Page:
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I'm relatively new to OCUnit and OCMock so please bear with me. I have a view controller which contains a UIPageControl where the number of pages is calculated from the count of an NSArray (which is populated from Core Data). This is done in the ViewDidLoad method as follows:

- (void)ViewDidLoad {
    [super viewDidLoad];

    ... other code ...

    self.pageControl.numberOfPages = [self.viewedPages count];
    self.pageControl.currentPage = 0;

    NSLog(@"%d", controller.pageControl.numberOfPages);
    NSLog(@"%d", [controller.viewedPages count]);
}

The log displays matching integer values for both viewedPages and numberOfPages, and thankfully if I run the below test the assertion is true:

- (void)testPageControl {
    [controller viewDidLoad];
    STAssertTrue(controller.pageControl.numberOfPages == [controller.viewedPages count], @"...");
}

However, as mentioned, this process relies on using an array with objects from Core Data, so I decided to try my hand at OCMock to substitute this with a pre-prefined array to effectively remove the Core Data element. In doing so, I'm now getting results I don't understand.

Here is what my new test looks like:

- (void)testPageControl {
    id mock = [OCMockObject partialMockForObject:controller];
    NSArray *mockPagesArray = [NSArray alloc] initWithObjects:...];
    [[[mock stub] andReturn:mockPagesArray] viewedPages];

    [controller viewDidLoad];

    NSLog(@"%d", [controller.pageControl numberOfPages]);
    NSLog(@"%d", [controller.viewedPages count]);
    STAssertTrue(controller.pageControl.numberOfPages == [controller.viewedPages count], @"...");
    [mockPagesArray release];
}

What is confusing me is that in this scenarios the NSLog shows that the viewedPages count matches the count of the mock array I created (great!) but the numberOfPages is always zero? As a result, the test fails.

I also tried swizzling the function which loads the viewedPages array in the controller, with a local function in the test controller which returns a pre-defined array, i.e.,

[[[mock stub] andCall:@selector(createMockPageViews) onObject:self] loadPageViews];

However, this had exactly the same result as above. The test still fails because the numberOfPages returns 0, whilst the viewedPages array shows the expected count.

As I said, I'm new to OCUnit and OCMock, so I hope this question is as detailed as possible and makes sense. I'm hoping this is down to a misunderstanding on my part on how OCMock works which someone can correct me on - I'll be eternally grateful! There seems to be a real lack of decent documentation out there on OCUnit and OCMock for iPhone development for beginners to learn from unfortunately and this little problem has been driving me mad for two days now...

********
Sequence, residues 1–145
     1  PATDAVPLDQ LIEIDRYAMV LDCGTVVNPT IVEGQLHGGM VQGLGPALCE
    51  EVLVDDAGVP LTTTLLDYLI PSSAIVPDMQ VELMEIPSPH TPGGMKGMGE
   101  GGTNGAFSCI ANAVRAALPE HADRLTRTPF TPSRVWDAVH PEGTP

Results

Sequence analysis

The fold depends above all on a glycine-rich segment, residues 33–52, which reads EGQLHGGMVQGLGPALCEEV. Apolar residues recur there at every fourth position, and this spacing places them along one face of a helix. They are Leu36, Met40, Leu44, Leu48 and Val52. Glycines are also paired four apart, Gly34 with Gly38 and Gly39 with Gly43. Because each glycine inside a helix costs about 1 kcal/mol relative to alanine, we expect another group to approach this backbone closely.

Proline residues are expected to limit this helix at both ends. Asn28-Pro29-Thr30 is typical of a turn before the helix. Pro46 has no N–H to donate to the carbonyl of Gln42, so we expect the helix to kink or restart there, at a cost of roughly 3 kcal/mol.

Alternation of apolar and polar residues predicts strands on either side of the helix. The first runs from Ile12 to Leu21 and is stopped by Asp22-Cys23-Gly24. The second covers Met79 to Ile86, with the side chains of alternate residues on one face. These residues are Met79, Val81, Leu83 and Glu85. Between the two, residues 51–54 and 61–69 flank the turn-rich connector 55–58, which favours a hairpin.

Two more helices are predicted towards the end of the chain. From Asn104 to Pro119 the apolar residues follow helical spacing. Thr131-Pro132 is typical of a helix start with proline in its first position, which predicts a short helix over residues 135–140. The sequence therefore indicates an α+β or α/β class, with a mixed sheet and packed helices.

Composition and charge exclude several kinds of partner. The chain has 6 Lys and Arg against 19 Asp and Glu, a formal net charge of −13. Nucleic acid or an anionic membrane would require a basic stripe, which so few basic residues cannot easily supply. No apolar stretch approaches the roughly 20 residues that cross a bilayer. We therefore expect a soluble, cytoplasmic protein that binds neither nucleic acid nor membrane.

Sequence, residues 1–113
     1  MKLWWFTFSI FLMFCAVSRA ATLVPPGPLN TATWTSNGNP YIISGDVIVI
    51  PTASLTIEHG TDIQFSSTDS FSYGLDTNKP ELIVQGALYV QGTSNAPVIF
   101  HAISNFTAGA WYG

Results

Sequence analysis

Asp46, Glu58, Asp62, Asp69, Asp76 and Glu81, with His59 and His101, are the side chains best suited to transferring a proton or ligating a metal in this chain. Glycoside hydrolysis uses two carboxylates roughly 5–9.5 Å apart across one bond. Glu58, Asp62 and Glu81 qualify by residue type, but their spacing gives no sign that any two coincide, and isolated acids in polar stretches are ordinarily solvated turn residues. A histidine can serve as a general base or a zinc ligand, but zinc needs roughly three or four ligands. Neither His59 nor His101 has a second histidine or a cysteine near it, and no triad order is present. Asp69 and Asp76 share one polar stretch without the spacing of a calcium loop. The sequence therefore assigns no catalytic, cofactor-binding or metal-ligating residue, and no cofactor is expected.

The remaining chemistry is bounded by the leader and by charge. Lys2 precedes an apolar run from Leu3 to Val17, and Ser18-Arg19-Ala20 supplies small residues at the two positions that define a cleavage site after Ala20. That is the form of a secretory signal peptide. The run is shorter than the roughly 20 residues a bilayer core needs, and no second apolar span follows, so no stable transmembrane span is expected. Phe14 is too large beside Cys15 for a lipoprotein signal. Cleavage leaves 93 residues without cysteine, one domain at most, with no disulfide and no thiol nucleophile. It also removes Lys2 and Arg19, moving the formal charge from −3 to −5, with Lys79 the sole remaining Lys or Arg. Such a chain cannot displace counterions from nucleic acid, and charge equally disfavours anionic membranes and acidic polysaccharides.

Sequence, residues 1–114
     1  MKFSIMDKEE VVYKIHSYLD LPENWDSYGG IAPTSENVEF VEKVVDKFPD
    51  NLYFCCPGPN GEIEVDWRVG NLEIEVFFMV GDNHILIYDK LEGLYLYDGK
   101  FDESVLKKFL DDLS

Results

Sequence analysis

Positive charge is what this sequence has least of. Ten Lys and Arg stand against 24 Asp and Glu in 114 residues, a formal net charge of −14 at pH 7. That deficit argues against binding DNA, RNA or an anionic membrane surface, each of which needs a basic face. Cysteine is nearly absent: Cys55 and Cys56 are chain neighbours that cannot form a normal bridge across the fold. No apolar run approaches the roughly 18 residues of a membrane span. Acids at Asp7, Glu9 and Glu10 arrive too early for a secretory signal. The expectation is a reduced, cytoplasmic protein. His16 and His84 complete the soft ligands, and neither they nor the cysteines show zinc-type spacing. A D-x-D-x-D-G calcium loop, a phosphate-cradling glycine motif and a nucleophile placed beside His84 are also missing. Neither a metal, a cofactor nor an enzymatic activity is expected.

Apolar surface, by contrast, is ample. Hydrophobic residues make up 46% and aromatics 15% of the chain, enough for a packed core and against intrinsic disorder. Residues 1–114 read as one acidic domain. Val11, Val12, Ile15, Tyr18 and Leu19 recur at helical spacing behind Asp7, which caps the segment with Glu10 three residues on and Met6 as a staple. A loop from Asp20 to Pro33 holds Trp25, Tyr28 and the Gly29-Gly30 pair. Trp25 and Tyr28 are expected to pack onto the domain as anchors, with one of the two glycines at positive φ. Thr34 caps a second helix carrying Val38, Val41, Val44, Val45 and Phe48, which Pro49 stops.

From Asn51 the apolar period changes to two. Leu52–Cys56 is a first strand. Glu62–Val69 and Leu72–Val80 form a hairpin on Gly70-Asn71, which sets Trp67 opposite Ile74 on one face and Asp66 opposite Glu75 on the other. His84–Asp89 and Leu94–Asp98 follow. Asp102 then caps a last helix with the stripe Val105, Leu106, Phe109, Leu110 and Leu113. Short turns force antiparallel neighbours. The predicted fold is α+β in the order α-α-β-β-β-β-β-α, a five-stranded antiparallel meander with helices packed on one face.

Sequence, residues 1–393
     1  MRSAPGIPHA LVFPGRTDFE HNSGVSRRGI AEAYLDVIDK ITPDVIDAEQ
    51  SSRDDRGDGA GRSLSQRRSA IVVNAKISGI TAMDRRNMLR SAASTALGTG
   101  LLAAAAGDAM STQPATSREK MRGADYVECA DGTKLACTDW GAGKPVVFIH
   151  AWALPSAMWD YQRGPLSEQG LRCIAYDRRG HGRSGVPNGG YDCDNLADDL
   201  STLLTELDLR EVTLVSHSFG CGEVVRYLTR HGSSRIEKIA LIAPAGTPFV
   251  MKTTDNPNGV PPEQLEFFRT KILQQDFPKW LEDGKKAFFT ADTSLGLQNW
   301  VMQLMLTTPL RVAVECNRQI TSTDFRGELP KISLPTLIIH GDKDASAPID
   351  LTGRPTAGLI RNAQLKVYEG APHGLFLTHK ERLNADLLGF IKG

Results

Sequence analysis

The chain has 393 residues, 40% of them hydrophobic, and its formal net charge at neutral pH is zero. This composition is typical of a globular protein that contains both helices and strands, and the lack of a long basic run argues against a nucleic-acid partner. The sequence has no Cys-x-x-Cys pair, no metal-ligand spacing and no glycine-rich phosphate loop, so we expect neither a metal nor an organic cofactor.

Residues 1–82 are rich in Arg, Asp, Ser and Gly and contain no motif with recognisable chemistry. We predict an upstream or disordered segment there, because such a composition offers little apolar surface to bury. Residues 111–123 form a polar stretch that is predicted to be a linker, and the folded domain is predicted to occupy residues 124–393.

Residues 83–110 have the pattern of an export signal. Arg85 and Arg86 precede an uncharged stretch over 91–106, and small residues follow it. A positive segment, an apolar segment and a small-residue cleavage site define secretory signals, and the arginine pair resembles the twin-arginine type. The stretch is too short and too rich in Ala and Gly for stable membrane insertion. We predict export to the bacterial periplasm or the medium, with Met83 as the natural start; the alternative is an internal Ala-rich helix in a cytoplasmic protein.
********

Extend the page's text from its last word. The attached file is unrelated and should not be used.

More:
Thank you in advance

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You have made a mock of your controller in mock but you are still operating on your controller they are two different objects. –  Paul.s Dec 12 '11 at 11:25
    
Thanks Paul. I'm a still a little confused though & am hoping you might be able to elaborate because if they're two different objects, I don't understand why the controller viewedPages count matches the (new) count I set for the Mock object? Without creating the mock, I have two records. When I mock the object and swizzle the loadViewedPages method, the controller and the mock both show three records which surprises me if they're different objects. Again, this will most definitely be down to a misunderstanding on my part and the documentation I've found hasn't helped me. Cheers! –  Shane Henderson Dec 12 '11 at 14:25
    
I've just tried the following, but still the same results [mock viewDidLoad]; NSLog(@"%d", [[mock pageControl] numberOfPages]); NSLog(@"%d", [[mock chefs] count]); Really confused about this and appreciate any help –  Shane Henderson Dec 12 '11 at 14:34

1 Answer 1

up vote 1 down vote accepted

Your controller.pageControl is most likely nil. This could be because it isn't wired to an IBOutlet or otherwise initialized, or because your unit tests aren't actually running within the app executable. Take a look at the steps in setting up your unit test target and check your settings.

Alternatively, you could mock the UIPageControl object:

- (void)testPageControl {
    id mockPageControl = [OCMockObject mockForClass:[UIPageControl class]];
    [[mockPageControl expect] setNumberOfPages:3];
    [[mockPageControl expect] setCurrentPage:0];

    id mock = [OCMockObject partialMockForObject:controller];
    NSArray *mockPagesArray = [NSArray alloc] initWithObjects:...];
    [[[mock stub] andReturn:mockPagesArray] viewedPages];
    [[[mock stub] andReturn:mockPageControl] pageControl];

    [controller viewDidLoad];

    [mockPageControl verify];
}
share|improve this answer
    
Thank you very much - this is exactly the approach I took in the very early hours of the morning to get the test passing! However, I also managed to finally get the test running using the STAssertTrue (as in the original method I posted) as well. To achieve that, I created a local instance of a UIPageControl in the test function, and stubbed the controller to use the local PageControl instead of the one in the controller. All counts tallied correctly once I had that. (I had been trying to swap it with an OCMock version, but turns out I just had to create a genuine local one!) –  Shane Henderson Dec 13 '11 at 3:44

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